- posted: Aug. 23, 2018
You can have a healthy co-parenting relationship — on paper
When you planned your wedding, you probably never considered the fact that your marriage could end. You went about your lives, which included purchasing a home in which you thought you would raise your children and grow old together. For whatever reason, your marriage began to deteriorate to the point where you and your spouse are considering divorce.
One of the problems you face is what to do about the marital home. Even though the economy continues to recover from the recession and the housing market crash, you may be one of many California homeowners who can’t afford to refinance the home or sell it. If the two of you are considering remaining in the home, but separating and beginning the divorce process, you may need to create a plan to do so.
Set some ground rules
In order to make this sort of arrangement work, you and your soon-to-be former spouse may want to sit down and discuss some ground rules that you can then put into writing that address at least the following issues:
- If you have children, you will need to figure out how to spend time with them. Will you continue to function as a family unit or spend separate time with the children?
- Your children may have numerous questions as they notice the changes. You may need to agree on how much information the children receive and whether to deliver it together.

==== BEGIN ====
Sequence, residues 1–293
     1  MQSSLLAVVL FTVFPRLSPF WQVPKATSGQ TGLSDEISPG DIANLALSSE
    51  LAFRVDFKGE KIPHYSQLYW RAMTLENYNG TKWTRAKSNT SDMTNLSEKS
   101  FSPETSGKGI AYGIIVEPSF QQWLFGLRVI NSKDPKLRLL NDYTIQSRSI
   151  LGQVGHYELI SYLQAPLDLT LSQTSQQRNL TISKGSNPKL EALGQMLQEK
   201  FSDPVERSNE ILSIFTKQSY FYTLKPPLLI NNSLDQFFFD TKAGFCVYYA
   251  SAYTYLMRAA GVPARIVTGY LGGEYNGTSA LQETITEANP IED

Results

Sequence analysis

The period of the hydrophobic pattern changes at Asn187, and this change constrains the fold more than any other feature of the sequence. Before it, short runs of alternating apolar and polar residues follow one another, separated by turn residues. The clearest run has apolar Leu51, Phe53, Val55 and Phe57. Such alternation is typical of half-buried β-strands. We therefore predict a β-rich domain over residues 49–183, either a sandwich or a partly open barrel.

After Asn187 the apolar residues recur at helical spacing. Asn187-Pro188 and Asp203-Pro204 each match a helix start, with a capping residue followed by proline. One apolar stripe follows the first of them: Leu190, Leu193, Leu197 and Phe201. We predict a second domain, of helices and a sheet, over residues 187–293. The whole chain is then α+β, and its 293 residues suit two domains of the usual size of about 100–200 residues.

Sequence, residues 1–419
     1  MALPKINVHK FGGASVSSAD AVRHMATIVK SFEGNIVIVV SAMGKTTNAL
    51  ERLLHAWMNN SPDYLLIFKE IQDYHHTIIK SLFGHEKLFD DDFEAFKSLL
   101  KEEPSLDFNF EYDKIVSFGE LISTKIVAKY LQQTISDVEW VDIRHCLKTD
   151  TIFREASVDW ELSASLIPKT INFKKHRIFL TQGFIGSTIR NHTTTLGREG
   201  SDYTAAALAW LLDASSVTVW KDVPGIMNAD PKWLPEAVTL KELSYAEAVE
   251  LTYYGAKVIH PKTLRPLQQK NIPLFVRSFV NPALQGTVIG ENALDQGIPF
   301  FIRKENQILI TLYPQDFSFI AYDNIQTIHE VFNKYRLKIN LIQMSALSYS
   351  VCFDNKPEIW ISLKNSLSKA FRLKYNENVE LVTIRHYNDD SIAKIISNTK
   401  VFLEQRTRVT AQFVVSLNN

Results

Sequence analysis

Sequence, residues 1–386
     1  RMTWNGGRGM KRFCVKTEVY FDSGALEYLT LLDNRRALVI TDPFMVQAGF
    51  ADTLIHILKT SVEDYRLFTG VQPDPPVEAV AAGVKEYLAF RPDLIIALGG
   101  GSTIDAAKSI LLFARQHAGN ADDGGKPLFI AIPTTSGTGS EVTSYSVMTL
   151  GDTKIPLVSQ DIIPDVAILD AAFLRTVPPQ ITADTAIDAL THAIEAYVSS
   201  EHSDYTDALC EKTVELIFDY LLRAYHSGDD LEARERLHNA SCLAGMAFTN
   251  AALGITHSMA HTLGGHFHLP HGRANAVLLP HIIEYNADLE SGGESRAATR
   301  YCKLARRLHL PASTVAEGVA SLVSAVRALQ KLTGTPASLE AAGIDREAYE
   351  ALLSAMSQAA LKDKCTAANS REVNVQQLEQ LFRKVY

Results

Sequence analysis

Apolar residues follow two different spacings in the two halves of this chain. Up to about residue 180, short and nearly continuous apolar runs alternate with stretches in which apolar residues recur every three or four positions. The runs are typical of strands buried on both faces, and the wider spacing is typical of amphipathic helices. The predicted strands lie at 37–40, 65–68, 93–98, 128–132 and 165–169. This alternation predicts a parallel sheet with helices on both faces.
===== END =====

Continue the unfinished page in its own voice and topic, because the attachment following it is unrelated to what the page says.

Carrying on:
- Do you have a big enough house for each of you to have your own space? You will at least need to figure out sleeping arrangements in order to consider yourselves separated.
- Will you divide the household duties and bills? If so, who will be responsible for what?
- Will you function as roommates who don’t see other people until the divorce is final, or will each of you truly have your own lives and just live under the same roof?
In the first couple of weeks, you may notice that some aspects of your agreement are working better than others do. You may need to make adjustments as your plan becomes reality, which means that you need to keep the lines of communication open, especially if you have children. The goal is to reach some sort of equilibrium under these admittedly emotional and stressful conditions.
You may want to discuss an end date to your arrangement. Doing so may make it easier to deal with the situation. You could also take advantage of this time and arrangement to work on your divorce settlement as well, if that is your ultimate goal. Even though you may want to be accommodating in the interest of “keeping the peace,” it’s still imperative that you protect your rights and focus on what you will need to start your post-divorce life.